EUPHORIA one day, despair the next; so much for the relief rally triggered by the €100 billion (S$160 billion) rescue of Spain's wobbling banks.
Cynical investors quickly saw the flaws in the much-heralded rescue and sold up.
Wall Street had tanked overnight on worries over the way the deal is being structured. It was also concerned about the heavier debt burden Spain must shoulder due to the bailout.
The bubble burst in dramatic fashion overnight when global markets realised the Spanish banking bailout was merely a short-term fix and that the Spanish economy may be next in line for a bailout.
- Mr Avis Wang, IG Markets' premium client manager
The sour sentiment then hit many Asian bourses, sending them into the red yesterday after registering their biggest one-day gain in five months on Monday.
Tokyo was down 1.02 per cent, Shanghai lost 0.7 per cent and Hong Kong fell 0.43 per cent, but the benchmark Straits Times Index bucked the trend and reversed early losses of up to 27.55 points to end up 9.27 points at 2,797.08.
'The bubble burst in dramatic fashion overnight when global markets realised the Spanish banking bailout was merely a short- term fix and that the Spanish economy may be next in line for a bailout,' said Mr Avis Wang, IG Markets' premium client manager.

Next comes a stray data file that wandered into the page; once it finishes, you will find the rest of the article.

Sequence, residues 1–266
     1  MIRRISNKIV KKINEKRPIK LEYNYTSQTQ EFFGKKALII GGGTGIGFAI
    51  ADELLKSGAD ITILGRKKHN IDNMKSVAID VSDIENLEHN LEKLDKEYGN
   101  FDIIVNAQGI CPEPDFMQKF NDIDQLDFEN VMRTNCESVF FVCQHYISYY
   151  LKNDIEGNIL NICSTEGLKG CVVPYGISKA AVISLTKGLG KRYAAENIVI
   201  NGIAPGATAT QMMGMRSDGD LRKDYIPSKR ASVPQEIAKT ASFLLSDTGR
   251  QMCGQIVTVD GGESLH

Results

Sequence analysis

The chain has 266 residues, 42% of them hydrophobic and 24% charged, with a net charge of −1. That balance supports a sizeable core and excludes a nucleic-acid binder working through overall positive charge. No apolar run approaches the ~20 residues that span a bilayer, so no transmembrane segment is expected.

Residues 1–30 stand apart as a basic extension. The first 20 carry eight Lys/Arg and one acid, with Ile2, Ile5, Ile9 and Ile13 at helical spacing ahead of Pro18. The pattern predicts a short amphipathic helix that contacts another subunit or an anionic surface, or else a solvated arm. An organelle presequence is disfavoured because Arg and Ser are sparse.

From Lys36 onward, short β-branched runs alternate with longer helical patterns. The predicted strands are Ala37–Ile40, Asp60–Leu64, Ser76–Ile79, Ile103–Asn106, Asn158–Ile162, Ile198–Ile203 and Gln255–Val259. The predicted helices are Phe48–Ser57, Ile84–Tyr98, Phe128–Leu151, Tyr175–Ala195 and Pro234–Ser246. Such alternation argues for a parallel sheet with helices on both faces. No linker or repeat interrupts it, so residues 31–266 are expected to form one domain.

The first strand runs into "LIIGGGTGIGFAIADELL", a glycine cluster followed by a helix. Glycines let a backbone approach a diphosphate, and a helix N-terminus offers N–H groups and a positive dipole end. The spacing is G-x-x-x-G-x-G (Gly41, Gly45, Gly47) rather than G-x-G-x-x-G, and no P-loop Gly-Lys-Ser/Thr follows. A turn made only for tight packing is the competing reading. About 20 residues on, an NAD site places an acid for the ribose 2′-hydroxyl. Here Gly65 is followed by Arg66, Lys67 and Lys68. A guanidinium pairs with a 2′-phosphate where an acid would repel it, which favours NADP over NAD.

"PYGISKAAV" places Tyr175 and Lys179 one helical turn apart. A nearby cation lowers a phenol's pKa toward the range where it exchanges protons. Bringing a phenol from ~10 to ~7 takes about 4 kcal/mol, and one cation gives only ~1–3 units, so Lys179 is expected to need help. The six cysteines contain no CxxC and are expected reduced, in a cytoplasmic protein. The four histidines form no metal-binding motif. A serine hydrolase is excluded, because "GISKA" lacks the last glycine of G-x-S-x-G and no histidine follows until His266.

That the share rally triggered by the Spanish rescue turned out to be a one-day wonder took analysts by surprise, given the positive initial reaction to the deal.
There is a fear now that ever larger doses of monetary fixes may be needed just to keep the single currency zone from falling apart.
Bank of America Merrill Lynch chief global equity strategist Michael Hartnett noted yesterday that investor optimism has collapsed back to the lows experienced late last year.
The bank noted that investors have taken so much money out of emerging markets recently that all the gains made by equities this year have been wiped out.
'Unsurprisingly, the June fund manager showed us that global investors had slashed their exposure to emerging market equities to the lowest level since October 2011.'
However, Mr Hartnett remains hopeful of a 'big bang policy response' to the European debt crisis that may potentially spark a massive stock market rally.
But Mr Eric Fishwick, CLSA's head of economic research, observed in a report that just as Asia discovered there was no easy way out of its debt crisis in 1997, there is 'no quick fix' available for Europe either.
'In making the adjustment, people will lose their jobs. Many will lose their life savings or be made homeless,' he said.
'Contagion will be worse and take longer than you think,' he warned, noting that the most intense pressure on the Hong Kong dollar during the Asian crisis occurred more than a year after the huge devaluation of the Thai baht in July 1997.
Research houses in Singapore expect the STI bounce to be short-lived as hopes dwindle for a swift solution to Europe's debt problem.
'Beyond this short-term rebound, STI should resume its correction trend... down towards the 2,540 support,' said DBS Vickers.